Sound Proof Delima

Discussion in 'Home Theater Projects' started by Bill*R, Apr 3, 2005.

  1. Bill*R

    Bill*R Auditioning

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    Hi.

    I have been going over past threads in an attempt to answer my own questions. Unfortunatley, I have not been able to find the answers.

    1) I am aware of the different options available regarding sound proofing: Staggered studs, room within a room, loaded vinyl, RC, insulation, double drywall, etc. However, my wife is adament that I install double pocket doors to the thraeter room. My concern is that by having to install pocket doors instead of a solid, weather proofed door, will I be negating the benifits of sound proofing the walls and ceiling? All of the articles that I have read go into detail about caulking all of the seams, etc. Obviously a pocket door cannot be sealed tight. Will I just be wasting my time and money sound proofing the walls and ceiling? Will all of the sound escape thru the pocket doors?

    2) I have a HVAC supply and return trunkline within the room (Typical basement problem). Sound is notorious for traveling thru the HVAC system via the register openings. Are there any viable options for reducing the sound flow thru the HVAC system? Since the room is only 20 x 14, would an electric heater or baseboard heater suffice? If so, then I could remove the register openings within the HT.

    I deeply appreciate any light that you can shed on these two issues.

    Thank you!
     
  2. Bryce_H

    Bryce_H Stunt Coordinator

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    The pocket doors will really only be a problem for letting sound in and out of the area outside the pocket doors. Shouldn't effect the sound transmitting through the ceiling or the walls.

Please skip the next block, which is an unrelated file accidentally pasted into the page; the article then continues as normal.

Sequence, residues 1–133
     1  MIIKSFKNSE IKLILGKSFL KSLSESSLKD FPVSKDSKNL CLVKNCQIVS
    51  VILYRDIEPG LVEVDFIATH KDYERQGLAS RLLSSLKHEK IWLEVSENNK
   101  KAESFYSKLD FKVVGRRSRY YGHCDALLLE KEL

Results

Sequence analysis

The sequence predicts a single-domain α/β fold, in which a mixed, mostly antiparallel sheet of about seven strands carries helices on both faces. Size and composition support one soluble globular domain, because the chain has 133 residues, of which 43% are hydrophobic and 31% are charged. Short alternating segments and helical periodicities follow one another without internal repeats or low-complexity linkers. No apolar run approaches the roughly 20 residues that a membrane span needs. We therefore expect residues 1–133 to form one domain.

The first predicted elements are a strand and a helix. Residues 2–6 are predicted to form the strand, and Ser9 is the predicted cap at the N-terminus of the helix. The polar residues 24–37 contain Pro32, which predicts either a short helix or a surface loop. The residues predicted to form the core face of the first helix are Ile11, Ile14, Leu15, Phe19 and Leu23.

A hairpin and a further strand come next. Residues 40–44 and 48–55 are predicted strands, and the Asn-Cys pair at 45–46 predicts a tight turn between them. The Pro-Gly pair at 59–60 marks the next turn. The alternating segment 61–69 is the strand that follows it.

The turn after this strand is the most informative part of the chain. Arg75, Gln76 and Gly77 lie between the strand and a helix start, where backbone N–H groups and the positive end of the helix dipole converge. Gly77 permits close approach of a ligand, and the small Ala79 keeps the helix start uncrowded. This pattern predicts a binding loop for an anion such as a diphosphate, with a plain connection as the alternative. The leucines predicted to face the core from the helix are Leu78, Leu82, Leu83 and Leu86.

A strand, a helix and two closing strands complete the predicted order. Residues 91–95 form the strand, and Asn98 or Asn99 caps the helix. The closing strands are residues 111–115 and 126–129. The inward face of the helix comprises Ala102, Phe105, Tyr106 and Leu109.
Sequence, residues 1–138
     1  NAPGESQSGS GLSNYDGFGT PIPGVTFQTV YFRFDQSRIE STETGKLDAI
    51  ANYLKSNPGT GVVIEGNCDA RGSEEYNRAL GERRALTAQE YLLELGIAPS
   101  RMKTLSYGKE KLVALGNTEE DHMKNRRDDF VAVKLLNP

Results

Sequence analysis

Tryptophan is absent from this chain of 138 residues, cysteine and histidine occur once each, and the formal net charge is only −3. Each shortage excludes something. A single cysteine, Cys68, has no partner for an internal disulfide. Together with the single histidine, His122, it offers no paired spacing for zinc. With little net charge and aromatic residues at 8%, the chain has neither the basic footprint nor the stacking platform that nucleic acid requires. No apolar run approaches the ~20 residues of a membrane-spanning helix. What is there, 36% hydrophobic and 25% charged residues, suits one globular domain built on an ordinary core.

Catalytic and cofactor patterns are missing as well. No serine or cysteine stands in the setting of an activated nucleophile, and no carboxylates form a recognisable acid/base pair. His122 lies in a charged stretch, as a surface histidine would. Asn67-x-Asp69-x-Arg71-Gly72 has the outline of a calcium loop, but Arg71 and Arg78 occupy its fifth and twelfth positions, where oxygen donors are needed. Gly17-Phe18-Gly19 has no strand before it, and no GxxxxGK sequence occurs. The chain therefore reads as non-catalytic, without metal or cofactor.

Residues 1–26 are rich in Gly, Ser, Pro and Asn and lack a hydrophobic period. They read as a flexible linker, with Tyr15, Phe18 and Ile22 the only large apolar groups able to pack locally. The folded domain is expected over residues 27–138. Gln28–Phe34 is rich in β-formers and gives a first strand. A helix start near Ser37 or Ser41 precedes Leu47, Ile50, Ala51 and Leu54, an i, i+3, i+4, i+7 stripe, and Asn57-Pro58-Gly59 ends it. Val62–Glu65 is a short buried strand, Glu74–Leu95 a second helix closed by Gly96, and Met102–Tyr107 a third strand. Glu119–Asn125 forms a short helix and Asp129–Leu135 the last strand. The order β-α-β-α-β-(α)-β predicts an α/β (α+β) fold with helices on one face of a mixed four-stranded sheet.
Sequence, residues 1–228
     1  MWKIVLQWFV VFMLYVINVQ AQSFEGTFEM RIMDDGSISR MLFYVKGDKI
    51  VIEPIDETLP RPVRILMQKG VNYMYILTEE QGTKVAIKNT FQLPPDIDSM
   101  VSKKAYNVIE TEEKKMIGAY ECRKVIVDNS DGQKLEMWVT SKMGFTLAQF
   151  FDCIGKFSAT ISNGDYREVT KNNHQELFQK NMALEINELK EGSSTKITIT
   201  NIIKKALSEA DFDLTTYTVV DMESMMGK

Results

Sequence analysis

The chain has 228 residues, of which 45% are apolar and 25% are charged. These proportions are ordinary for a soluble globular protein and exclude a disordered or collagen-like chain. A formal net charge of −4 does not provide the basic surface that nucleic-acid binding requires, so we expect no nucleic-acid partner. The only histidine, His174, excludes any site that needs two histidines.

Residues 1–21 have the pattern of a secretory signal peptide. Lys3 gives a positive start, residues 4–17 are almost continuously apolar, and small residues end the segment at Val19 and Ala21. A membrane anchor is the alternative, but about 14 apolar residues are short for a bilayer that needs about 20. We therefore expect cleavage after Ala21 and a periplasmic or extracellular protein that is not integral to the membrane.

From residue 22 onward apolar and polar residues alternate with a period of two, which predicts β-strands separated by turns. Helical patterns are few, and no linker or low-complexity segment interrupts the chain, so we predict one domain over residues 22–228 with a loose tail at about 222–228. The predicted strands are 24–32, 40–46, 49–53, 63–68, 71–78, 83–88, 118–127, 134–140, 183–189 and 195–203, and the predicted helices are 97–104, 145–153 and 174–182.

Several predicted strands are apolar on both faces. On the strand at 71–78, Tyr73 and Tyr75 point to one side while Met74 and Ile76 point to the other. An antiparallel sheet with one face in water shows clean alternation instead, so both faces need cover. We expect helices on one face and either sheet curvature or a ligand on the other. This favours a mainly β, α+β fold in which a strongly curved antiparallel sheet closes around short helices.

Couple of options for the HVAC:
    1. When you put new runs in for the vents, install several 90 degree bends. These bends help deaden sound from the furnance.

    2. Move you cold air return to be closer to your actual furnance (I did this - mine is now integrated into the wall enclosing the mechanicals)

    3. Use insulated ducting for the vents - will help deaden sound.

    4. I would not advise removing the registers in the HT. Most codes require a certain amount of air exchange in any given room. By removing the registers, you are removing a significant source of air exchange.

    Good luck.
     
  3. SteveLeach

    SteveLeach Stunt Coordinator

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    Sound travels in a straight line, in order to change directions it needs to bounce off of something. The metal ducting provides a great reflective surface for just this purpose.
    Using the insulated flexible ducting as mentioned above, with 2 90 degree bends will eliminate most if not all of the furnace blower noise. To reduce the sound of air moving, you can oversize the ducting. Say the existing duct is 6 inches, use an 8 inch duct as a replacement.
    As for the pocket doors, not only will they bleed sound out into what ever room they open into, but they will also rattle. Which will be heard both in the HT as well as in the adjoining room. You can try to reduce the sound in the adjoining room by applying sound damping materials directly opposite the doors.